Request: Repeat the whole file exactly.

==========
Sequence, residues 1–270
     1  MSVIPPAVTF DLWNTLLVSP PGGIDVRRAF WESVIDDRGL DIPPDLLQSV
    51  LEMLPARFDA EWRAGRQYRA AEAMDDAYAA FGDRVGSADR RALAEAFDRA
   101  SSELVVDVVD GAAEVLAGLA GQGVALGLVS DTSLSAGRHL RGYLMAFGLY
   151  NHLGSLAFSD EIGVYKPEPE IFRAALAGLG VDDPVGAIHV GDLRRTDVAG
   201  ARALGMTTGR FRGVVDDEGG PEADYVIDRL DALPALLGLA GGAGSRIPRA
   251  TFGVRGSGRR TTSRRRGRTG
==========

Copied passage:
Sequence, residues 1–270
     1  MSVIPPAVTF DLWNTLLVSP PGGIDVRRAF WESVIDDRGL DIPPDLLQSV
    51  LEMLPARFDA EWRAGRQYRA AEAMDDAYAA FGDRVGSADR RALAEAFDRA
   101  SSELVVDVVD GAAEVLAGLA GQGVALGLVS DTSLSAGRHL RGYLMAFGLY
   151  NHLGSLAFSD EIGVYKPEPE IFRAALAGLG VDDPVGAIHV GDLRRTDVAG
   201  ARALGMTTGR FRGVVDDEGG PEADYVIDRL DALPALLGLA GGAGSRIPRA
   251  TFGVRGSGRR TTSRRRGRTG